You know that feeling you get when you return somewhere after a long absence and feel a little lost? You thought you knew where things were and how things worked, but then you get there and it's a little like the Twilight Zone...looks the same, but something's definitely fishy. After missing last year's ISTE, I was fortunate to be a presenter with my friend, Cara (Teaching...My Calling) for ISTE 13.
I was really looking forward to meeting some of my twitter friends in person, seeing friends, getting to network with like-minded educators, and learning more about teaching and technology. And while I did get to do all of those things, the vibe at the conference was definitely different this year.
My last ISTE (11) was in Philly, and I remember an up-beat air and people stopping to talk to one another. There was sort of a fun, friendly feeling in the conference center. People would smile at each other in passing, talk across the escalators, in the hallways, and generally seemed open to conversations. We exchanged thoughts, ideas, and contact information.
Was it just me, or did this year feel a little serious and stuffy? I'd smile and nod...people walked by. Cara and I would say hello to people, and get blank stares. It seemed as if many were closed off and unwilling to meet a new friend. All of this could very well have been because of the layout of the conference center, and I really hope that is the case, because we just cannot shut one another out.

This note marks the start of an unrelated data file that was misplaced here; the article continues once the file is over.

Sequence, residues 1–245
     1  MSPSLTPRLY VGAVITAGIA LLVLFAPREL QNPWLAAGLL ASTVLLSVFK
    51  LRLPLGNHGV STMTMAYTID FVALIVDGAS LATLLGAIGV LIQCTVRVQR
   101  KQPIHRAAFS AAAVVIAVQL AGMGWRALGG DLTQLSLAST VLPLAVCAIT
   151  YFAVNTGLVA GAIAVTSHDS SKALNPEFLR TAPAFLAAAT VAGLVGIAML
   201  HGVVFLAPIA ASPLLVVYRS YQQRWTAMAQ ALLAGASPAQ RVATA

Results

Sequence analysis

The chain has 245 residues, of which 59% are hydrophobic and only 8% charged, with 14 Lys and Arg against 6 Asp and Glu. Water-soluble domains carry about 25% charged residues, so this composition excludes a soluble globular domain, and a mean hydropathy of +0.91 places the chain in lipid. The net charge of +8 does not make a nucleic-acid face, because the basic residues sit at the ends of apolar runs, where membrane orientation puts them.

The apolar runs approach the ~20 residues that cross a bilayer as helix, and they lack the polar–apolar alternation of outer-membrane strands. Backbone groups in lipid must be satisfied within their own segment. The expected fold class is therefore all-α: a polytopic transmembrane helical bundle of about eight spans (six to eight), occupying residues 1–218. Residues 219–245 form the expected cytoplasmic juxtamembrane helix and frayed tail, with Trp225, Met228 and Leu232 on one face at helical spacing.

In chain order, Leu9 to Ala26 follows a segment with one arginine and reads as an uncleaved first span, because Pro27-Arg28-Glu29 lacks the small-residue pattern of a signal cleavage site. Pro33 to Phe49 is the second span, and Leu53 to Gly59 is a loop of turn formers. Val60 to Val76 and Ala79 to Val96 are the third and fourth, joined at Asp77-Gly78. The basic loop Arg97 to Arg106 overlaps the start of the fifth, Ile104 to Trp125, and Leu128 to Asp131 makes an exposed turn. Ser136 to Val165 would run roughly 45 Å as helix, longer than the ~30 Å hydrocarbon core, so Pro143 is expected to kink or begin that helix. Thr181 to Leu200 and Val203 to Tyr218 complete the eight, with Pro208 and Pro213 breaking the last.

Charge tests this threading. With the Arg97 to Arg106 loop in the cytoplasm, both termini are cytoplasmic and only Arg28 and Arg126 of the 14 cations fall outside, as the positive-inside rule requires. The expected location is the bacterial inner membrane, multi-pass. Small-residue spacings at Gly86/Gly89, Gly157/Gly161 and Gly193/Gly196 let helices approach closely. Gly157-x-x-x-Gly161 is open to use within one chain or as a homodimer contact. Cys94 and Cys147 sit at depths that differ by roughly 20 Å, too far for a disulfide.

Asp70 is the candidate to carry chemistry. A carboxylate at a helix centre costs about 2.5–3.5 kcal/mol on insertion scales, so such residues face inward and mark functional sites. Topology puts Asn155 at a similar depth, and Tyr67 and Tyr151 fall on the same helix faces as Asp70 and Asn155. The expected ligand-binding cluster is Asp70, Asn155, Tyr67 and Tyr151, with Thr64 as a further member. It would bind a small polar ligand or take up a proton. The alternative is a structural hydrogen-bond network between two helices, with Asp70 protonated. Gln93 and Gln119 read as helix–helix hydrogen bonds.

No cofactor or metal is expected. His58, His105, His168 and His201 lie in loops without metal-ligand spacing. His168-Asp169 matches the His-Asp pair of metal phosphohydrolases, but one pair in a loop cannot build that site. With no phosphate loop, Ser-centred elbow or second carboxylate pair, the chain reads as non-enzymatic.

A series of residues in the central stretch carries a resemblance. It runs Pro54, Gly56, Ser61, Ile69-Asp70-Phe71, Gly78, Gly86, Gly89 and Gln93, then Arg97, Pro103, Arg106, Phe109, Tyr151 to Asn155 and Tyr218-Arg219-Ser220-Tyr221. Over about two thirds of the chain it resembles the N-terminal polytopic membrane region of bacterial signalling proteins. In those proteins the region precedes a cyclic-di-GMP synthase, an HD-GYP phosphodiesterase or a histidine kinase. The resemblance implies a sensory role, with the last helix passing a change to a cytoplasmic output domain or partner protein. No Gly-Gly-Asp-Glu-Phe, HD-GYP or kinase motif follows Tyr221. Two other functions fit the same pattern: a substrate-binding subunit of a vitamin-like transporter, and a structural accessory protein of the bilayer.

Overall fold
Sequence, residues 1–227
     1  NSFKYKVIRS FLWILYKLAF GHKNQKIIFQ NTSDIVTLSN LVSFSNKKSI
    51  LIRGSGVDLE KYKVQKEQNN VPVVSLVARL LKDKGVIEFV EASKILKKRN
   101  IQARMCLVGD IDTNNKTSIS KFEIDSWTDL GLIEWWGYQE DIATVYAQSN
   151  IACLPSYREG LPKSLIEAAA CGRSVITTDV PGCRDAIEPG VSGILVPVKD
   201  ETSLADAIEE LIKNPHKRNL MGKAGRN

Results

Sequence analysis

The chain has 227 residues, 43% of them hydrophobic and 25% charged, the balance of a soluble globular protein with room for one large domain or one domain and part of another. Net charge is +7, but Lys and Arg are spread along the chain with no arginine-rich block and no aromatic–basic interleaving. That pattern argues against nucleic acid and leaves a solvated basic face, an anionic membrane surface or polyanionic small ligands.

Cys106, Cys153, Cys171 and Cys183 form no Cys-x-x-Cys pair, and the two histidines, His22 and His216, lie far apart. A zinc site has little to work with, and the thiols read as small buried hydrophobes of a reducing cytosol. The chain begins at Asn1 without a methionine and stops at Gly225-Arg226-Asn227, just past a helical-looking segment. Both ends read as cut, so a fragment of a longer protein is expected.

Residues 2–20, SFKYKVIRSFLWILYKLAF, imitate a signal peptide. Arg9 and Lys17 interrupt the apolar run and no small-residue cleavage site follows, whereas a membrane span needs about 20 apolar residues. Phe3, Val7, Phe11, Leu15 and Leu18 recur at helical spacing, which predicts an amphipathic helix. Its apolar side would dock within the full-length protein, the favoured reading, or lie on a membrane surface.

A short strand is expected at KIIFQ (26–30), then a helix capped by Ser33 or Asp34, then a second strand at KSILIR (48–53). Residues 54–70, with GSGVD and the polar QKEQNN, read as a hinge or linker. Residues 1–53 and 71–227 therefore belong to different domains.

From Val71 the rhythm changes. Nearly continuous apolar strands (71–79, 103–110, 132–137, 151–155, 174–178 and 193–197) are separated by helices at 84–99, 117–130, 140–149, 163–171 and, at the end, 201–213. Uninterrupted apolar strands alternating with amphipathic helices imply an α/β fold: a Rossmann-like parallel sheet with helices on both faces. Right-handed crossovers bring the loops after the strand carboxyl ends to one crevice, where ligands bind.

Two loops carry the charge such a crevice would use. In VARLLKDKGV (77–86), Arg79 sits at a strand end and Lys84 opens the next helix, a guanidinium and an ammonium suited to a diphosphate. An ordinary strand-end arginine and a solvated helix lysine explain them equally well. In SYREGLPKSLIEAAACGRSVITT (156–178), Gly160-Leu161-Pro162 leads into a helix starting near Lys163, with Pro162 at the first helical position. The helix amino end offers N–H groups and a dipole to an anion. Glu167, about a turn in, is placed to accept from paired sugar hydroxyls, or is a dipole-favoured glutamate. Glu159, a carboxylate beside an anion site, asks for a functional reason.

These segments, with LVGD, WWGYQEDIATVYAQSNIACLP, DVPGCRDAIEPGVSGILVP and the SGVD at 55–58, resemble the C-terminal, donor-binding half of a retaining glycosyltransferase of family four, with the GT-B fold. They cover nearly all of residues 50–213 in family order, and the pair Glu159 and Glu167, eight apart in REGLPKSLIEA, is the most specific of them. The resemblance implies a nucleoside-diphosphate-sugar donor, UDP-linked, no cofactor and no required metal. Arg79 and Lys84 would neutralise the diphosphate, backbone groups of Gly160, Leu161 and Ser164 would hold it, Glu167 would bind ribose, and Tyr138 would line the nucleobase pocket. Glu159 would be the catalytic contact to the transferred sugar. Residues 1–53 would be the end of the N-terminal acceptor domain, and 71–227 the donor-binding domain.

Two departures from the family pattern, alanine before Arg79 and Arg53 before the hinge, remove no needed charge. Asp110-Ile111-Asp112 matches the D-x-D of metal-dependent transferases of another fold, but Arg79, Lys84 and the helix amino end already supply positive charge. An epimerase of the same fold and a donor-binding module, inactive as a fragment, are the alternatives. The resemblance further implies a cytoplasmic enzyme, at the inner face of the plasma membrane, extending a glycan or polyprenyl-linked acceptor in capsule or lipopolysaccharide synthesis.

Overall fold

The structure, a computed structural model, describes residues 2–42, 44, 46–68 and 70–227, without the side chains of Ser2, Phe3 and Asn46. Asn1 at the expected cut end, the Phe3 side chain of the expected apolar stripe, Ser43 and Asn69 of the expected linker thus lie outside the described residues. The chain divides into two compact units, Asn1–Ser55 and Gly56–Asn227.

We educators are a community-some might even say that we are like a family (albeit a very large one). We need one another! I am the teacher I am today because of the connections and relationships I've made over the years. Sharing and collaborating have made me a better teacher for my students and the teachers in my building. Can you think of a better way to grow than to learn from others in your profession? Proverbs 27:17 says "Iron sharpens iron, and one man sharpens another." We need to connect to others in our field to improve ourselves.
Attending sessions is very important. Don't get me wrong--I attended many, and learned a great deal from them. But they are only one part of the conference. If you attended ISTE and didn't make any connections, you missed an opportunity for growth. We want our students to connect globally. Let's model that practice. Let's connect and work together online, but also when we meet at conferences.
I am so grateful for the new people I did meet and look forward to collaborating with you on Twitter. I'm also thankful for the time I was able to spend building my friendships with the fabulous ladies with me below. I look forward to learning from you and with you. My conference certainly would not have been as rich without these connections.